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Principles of Regenerative Biology – Bruce M. Carlson

Titulo del libro: Principles of Regenerative Biology

Autor del libro: Bruce M. Carlson

Formato de libro: EBook

Date published: 2007

Illustrator: Academic Press

ISBN: 978-0-12-369439-3

Número de páginas: 400

Libros de Medicina – Rincón Médico

Principles of Regenerative Biology

Regeneration is one of the most fascinating phenomena in biology, but it is also one of the most complex. Virtually all species, from protozoa to humans, have the capacity to regenerate, but the extent of their regenerative ability varies greatly. Planaria, starfish and some worms can regenerate most of their body, whereas many other species are able to regenerate only parts of specifi c tissues. Among the vertebrates, urodele amphibians are the best adapted for regeneration; they can regenerate limbs, tails, jaws, eyes and a variety of internal structures.
For much of the twentieth century, mammals, including humans, were considered to have a poor capacity for regeneration. This was particularly true up to the late 1950s, when I fi rst began to explore the literature on regeneration. A research visit to the Soviet Union during 1965–1966 exposed me to many new ways of looking at mammalian regeneration. Perhaps the most striking to me was the emphasis on uslovie (“conditions”) of regeneration that abounded in the Russian regeneration literature of the 1960s. The essence of this concept was that the success of regeneration often is a function of the environment in which the regenerative process is taking place. I was initially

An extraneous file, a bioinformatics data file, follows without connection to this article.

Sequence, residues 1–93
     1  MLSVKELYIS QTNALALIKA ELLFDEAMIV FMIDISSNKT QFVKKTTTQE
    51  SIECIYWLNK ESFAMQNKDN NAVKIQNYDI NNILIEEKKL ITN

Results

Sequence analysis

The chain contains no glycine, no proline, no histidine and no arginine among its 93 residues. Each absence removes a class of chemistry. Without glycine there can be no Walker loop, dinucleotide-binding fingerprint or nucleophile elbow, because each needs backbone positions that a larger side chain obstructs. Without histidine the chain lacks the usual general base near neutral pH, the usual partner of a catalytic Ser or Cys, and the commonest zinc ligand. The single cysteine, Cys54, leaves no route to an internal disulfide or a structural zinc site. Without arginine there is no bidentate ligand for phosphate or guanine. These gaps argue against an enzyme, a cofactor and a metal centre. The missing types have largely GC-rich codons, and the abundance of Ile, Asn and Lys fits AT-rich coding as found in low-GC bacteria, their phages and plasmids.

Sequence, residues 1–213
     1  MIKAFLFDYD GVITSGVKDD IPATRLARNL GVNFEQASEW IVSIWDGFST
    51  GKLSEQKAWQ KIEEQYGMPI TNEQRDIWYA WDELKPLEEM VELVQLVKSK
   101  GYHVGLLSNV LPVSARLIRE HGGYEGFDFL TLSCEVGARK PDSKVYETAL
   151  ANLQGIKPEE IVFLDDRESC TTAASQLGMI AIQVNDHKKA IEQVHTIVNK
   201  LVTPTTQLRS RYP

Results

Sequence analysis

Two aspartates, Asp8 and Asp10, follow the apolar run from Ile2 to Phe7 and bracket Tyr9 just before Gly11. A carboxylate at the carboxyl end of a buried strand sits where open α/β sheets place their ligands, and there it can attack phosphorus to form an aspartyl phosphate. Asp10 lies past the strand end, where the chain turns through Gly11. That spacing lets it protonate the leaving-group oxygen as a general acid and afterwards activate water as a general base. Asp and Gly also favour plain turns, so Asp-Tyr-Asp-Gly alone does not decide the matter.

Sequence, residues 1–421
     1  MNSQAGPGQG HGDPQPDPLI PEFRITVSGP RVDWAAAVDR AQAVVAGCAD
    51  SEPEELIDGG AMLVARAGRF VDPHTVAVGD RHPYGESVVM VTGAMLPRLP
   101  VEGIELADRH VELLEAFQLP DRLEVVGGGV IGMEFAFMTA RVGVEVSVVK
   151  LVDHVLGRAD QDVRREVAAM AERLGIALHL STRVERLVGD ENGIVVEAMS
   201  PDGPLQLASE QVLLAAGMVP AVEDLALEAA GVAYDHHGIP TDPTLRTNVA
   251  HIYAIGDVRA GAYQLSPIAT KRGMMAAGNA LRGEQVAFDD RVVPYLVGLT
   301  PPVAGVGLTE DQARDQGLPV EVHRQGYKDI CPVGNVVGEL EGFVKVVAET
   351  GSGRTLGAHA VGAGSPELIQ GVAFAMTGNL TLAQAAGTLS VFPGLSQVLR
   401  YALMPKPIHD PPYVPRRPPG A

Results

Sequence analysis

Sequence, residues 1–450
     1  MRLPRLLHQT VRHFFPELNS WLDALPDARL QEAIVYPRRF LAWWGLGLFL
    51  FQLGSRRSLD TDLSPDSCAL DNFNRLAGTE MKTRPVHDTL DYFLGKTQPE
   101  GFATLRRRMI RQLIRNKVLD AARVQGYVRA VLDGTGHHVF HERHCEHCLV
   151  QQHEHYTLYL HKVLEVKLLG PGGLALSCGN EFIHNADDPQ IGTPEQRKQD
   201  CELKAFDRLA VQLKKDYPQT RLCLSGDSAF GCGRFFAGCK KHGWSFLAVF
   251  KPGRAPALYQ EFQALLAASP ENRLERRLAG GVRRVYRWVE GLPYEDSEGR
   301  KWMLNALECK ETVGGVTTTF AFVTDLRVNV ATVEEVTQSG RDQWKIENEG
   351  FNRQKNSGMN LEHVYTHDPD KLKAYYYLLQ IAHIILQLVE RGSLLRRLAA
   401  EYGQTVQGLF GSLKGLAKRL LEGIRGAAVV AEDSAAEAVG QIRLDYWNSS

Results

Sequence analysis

inclined to attribute this emphasis to the waning infl uence of Lysenkoism, which still permeated the Russian biology of the time. This element was certainly present, but during my several decades of research on regeneration since that time, I have come to appreciate how important the environment is in supporting or failing to support regenerative processes in mammals.
With the explosion of knowledge from molecular biology and the burgeoning interest in generating or regenerating tissues or organs through various tissue engineering or stem cell approaches, many scientists and students have shown a renewed interest in the phenomenon of regeneration. Because relatively few have had the luxury of being able to approach the phenomenon of regeneration from a broad biologic perspective, I thought that it would be useful to write a short book that outlines some of the fundamental biologic principles of regeneration. As the book has evolved, the contents have focused principally on regeneration in vertebrate systems, but when certain points are best illustrated by examples taken from the very diverse universe of invertebrate regeneration, they are included, as well. In order to manipulate regenerative processes, it is important to understand the underlying principles of regeneration. Laying these out is what this book is all about.

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  • Preface
  • Acknowledgments
  • List of Abbreviations
Chapter 1: An Introduction to Regeneration
  • Brief History
  • What Is Regeneration?
  • Hypertrophy
  • Morphallaxis
  • Asexual Reproduction
Chapter 2: Origins of Cells in Regenerating Systems
  • Where Do Regenerating Cells Come From?
  • Dedifferentiation